Supply concerns and uncertain market demand will weigh heavy on metals and mining. A hawkish U.S. Federal Reserve will also provide additional market forces on metals that could counter any bullish tailwinds.
“Demand uncertainty amid fears of global recession and interest rate hikes in the United States and Europe weighed on investors’ risk appetite,” a Mining Weekly article mentioned.
Of course, the Federal Reserve will continue to be a driving factor when it comes to market reactions these days. With inflation fears dissipating, but giving way to forecasts of a recession, it could provide a catalyst for metal mining.
That’s especially the case if a recession can spur more investors to the safety of precious metals. As such, this will have a spillover effect that should also prop up precious metals mining.
“The US dollar has found support in recent sessions as several Federal Reserve officials reiterated an aggressive monetary tightening stance ahead of the Fed’s Jackson Hole, Wyoming, symposium this week,” the article added. “A strong dollar typically places downward pressure on commodity prices as it becomes more expensive for non-US holders to buy.”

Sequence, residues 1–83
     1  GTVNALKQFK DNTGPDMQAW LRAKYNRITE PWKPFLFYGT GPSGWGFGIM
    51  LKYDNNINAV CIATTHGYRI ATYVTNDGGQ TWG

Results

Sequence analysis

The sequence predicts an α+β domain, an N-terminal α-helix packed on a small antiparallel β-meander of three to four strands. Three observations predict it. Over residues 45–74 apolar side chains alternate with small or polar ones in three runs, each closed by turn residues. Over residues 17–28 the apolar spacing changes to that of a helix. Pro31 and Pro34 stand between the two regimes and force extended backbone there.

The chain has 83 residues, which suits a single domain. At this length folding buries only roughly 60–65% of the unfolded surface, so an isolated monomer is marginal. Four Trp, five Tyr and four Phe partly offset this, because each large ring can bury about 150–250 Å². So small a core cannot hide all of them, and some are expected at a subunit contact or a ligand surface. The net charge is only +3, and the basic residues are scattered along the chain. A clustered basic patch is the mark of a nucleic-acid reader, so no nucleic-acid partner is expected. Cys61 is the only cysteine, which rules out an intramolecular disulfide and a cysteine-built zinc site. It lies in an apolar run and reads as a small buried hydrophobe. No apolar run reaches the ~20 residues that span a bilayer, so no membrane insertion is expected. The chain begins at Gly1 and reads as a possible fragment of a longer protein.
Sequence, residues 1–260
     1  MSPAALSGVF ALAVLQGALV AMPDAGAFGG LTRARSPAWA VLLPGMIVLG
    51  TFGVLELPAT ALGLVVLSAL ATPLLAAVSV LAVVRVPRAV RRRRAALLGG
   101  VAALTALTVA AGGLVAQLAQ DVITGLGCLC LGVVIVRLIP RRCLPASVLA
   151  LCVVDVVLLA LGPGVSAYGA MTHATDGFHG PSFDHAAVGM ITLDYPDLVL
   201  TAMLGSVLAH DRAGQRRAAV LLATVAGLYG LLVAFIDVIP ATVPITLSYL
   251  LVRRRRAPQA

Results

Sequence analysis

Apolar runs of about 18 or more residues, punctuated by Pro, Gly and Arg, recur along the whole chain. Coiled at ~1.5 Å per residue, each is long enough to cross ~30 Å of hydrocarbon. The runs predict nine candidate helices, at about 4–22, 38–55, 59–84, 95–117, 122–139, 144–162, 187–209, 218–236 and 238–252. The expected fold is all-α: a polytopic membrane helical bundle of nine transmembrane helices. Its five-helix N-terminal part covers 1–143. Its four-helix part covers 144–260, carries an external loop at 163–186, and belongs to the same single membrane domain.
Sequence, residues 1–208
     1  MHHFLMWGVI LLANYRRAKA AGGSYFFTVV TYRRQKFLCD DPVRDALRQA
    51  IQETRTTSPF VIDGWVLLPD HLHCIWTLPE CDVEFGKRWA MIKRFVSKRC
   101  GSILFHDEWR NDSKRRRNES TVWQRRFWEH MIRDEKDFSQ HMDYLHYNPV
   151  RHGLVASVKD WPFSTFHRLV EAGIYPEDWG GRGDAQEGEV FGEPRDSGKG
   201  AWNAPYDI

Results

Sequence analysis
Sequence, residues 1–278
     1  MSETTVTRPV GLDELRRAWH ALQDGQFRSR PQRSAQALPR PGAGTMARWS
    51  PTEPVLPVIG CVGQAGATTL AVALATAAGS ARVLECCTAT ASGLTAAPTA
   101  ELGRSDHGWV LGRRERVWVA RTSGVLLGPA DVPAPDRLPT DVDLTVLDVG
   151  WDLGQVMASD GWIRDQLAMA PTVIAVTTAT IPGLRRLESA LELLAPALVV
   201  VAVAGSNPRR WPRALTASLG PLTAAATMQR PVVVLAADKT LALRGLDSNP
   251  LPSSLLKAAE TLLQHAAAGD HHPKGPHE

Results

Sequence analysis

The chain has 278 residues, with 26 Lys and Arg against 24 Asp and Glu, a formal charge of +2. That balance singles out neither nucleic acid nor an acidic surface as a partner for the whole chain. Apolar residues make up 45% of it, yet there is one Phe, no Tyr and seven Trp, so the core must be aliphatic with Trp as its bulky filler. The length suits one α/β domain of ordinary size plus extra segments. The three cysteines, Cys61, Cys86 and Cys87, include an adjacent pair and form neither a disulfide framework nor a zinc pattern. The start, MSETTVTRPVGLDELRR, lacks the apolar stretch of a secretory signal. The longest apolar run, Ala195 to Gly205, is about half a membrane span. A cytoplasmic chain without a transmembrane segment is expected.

Amplified Metal Mining Exposure
Traders looking to play moves with added leverage to match their conviction can look to leverage exchange traded funds (ETFs) such as the Direxion Daily Metal Miners Bull 2X Shares (MNM). Like all leveraged Direxion ETF products, the fund provides tactical exposure to a long bias in metal mining in the convenience of an ETF wrapper.
The fund, which is up over 100% for the year, seeks daily investment results, before fees and expenses, of 200% of the performance of the S&P Metals and Mining Select Industry Index. The index is a modified equal-weighted index that is designed to measure the performance of the equity securities of companies in the S&P Total Market Index that are classified by the GICS as being in the metals and mining industry.
The metals and mining industry includes companies in the following sub-industries: aluminum, coal & consumable fuels, copper, diversified metals & mining, gold, precious metals & minerals, silver, and steel. The index does not include metal commodities.
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